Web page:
This mess is bigger than all of us. This is Divine intervention collapsing our world as we know it in order to create something new and improved. Until Moshiach comes we must get back to dialoguing, brainstorming, exploring options, learning from each other, asking good questions and insisting on real science. Rather than merely blaming, coercing and demonizing, we need to do something different: Do our own thinking, not let mob thinking hijack your mind.
Two anecdotes. One: My husband started up a conversation in front of someone’s house in Ra’anana when this man’s wife stuck her head out the window and yelled at him “Put your mask on! Can’t you see that he is haredi?”
Another: My brother was in the Jerusalem shuk enjoying one of his favorite Israeli pastimes. Around the vegetable stall were gathered a hassid, a young secular man in a suit, a helmeted biker, a soldier in a knitted kippah, a Sephardi granny, and himself, an American psychiatrist.
Mazliach, the shopkeeper, called out to my brother, “Nu, doctor, what will be?” My brother looked up from the eggplants and smiled.
The knitted-kippah soldier yelled out “It will be good!” The secular-suit laughed and repeated the sentiment, ‘Yes! it will be good!”
The entire store, populated by very different Jews, laughed and said in unison, “Yehiyeh beseder ba’seger” (“everything will be alright if we stay isolated”).
Our column reflects Israeli society. Are we ready to call it quits? Will we not be able to expand ourselves beyond this version of us?
I’ve found it impossible to have a coherent conversation about anything – COVID, dress codes, conversion, conscription – when one side has God on their side. There’s no arguing with God.
I’m not anti-Jewish, or anti-religious. I get the beauty, the belonging, the being part of something bigger. Here’s a factoid: Each day I study Daf Yomi, a page of Talmud. I’m fascinated by the issues and the intricacies: If you eat on Shabbos and walk into a public domain without an eruv (boundary demarcation), are you carrying (the undigested food?) How should one handle passing wind while at prayer?
I’ll be seriously unpopular for what I say next: While I’m compelled by the daily Daf itself, the accompanying 40+ daily WhatsApps are even more illuminating. Women bond on Zoom over the trigonometry of balconies and sourdough starters; it’s not only the essence of the learning that’s so gorgeous, it’s that we’re learning together. The process. The ponderings. The forming of friendships.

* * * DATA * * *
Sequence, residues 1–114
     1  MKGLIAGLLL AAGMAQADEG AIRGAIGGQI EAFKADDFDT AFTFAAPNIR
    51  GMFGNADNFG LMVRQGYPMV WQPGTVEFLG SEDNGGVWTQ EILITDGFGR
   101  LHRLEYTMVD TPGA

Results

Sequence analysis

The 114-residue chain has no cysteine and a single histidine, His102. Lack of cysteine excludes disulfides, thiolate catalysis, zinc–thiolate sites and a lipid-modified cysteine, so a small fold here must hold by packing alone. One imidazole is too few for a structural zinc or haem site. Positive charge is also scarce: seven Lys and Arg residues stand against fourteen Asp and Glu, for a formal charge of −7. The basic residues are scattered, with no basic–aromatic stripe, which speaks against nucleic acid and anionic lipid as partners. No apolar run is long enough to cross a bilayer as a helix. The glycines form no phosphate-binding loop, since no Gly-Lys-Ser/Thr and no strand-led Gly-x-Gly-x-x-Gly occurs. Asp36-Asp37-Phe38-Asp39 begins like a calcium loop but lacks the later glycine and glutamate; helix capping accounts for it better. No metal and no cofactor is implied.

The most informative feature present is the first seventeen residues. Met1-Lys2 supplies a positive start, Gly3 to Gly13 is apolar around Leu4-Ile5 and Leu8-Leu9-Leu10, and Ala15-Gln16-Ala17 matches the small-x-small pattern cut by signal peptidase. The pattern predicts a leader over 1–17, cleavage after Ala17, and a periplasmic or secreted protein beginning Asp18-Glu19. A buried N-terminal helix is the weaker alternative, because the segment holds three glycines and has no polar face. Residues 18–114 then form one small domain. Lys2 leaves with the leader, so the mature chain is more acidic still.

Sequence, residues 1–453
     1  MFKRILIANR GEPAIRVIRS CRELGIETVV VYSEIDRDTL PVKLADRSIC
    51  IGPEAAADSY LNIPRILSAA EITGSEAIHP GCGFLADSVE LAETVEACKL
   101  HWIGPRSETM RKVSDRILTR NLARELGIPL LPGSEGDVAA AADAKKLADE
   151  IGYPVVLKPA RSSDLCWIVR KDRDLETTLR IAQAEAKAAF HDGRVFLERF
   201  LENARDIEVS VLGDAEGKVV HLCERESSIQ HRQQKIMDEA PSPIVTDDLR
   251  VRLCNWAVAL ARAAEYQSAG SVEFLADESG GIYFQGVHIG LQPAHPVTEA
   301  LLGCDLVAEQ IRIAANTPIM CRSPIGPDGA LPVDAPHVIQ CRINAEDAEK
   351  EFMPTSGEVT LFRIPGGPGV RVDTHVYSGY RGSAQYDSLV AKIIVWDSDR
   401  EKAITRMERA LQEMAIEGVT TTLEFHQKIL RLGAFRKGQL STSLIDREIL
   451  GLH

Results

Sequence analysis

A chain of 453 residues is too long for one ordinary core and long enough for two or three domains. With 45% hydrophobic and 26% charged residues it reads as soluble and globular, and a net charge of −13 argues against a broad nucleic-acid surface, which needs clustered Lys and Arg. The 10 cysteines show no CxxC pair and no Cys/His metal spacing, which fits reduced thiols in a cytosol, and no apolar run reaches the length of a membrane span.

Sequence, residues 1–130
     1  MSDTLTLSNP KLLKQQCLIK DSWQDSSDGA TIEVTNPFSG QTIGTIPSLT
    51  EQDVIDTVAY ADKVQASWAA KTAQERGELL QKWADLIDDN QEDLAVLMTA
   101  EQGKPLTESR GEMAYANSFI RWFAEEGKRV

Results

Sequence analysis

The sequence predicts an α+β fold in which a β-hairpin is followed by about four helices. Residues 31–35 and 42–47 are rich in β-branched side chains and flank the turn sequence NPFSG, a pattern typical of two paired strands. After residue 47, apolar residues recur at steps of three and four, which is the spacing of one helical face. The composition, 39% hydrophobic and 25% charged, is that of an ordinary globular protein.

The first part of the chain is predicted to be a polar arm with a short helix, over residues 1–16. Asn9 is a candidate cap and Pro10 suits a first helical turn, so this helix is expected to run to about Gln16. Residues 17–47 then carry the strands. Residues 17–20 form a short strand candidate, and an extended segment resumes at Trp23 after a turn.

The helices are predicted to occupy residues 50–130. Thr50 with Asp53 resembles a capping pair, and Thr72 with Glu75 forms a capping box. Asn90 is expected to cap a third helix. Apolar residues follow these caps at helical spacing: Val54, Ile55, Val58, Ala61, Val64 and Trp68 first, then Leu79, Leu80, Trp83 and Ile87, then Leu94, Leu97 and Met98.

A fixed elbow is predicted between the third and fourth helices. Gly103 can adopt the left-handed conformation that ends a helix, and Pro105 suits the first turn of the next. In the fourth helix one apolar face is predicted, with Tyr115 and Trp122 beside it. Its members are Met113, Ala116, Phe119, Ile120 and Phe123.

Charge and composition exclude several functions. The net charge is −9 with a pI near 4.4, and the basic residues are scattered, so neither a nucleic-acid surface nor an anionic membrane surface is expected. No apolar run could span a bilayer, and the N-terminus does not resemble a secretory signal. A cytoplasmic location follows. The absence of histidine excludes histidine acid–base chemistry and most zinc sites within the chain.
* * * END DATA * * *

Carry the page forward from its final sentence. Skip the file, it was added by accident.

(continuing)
Getting up early each day to study Talmud creates a fabulous feeling of community. Even virtually. A recipe club has emerged, people share tractate-centered skits, and inspirational stories.
Most enviable to me is the easy appropriateness: the “Baruch Dayan Ha’Emets” (“Blessed is the Judge of truth,” said when someone dies) and “Baruch Hashems” (“Thank God”). This is religion at its very best: warm, embracing, supportive and fun. I sincerely feel that I’d be happier, and maybe even healthier, and probably even married, if I could immerse myself in that level of belief and devotion.
But here’s the rub: In Israel, all this admirable, safe, bagel-breakfast-siyum celebratory magic comes with a price. Religion is so rock-solidly intertwined with politics that it very soon segues into cynicism and the sinister. When men in big black hats and scraggly beards dictate who is a Jew and who can marry and divorce and be buried in the Jewish state; who is exempt from the army, and who can study in yeshivot when the rest of the country is stuck at home, that’s when religion is not so warm and fuzzy anymore. And there is no way to discuss this rationally.
When Tzippi harangues me about whether I “believe in God,” I want to laugh, incredulously. What kind of a question? It’s not so funny though when religion means believing you have the plot, and your plot is God’s plot. So whether it’s settling the West Bank, or behaving like a hilltop hooligan, or no buses on Shabbat, or that Russian sons of Jewish fathers can fight for Israel but not marry in her borders, there’s no arguing with God. Especially if the coalition depends on your vote, and your party controls the purse strings.
It’s lonely to stand outside the congregation; to abrogate the kiddushim, the communal hair-covering, and the “Shanti Shabbat” vibe. Somehow, in the Diaspora, it feels easier to have that community; no one demands, “Do you believe in God?”
Religion in Israel has been hijacked by cultists who are having multiple kids. It’s impacting everyone’s lives. So we, the secular, are losing our connection to our culture and our rituals and our learning, which belong to all of us, whether we carry across an eruv or not.
I think I’m a good Jew. I think I’ve contributed to the Jewish state. I also think that religion, the way it’s often practiced here, is dangerous to our survival.
It’s hard to reach consensus on much when one side believes that God is on their side. It’s hard to even have a civil discussion.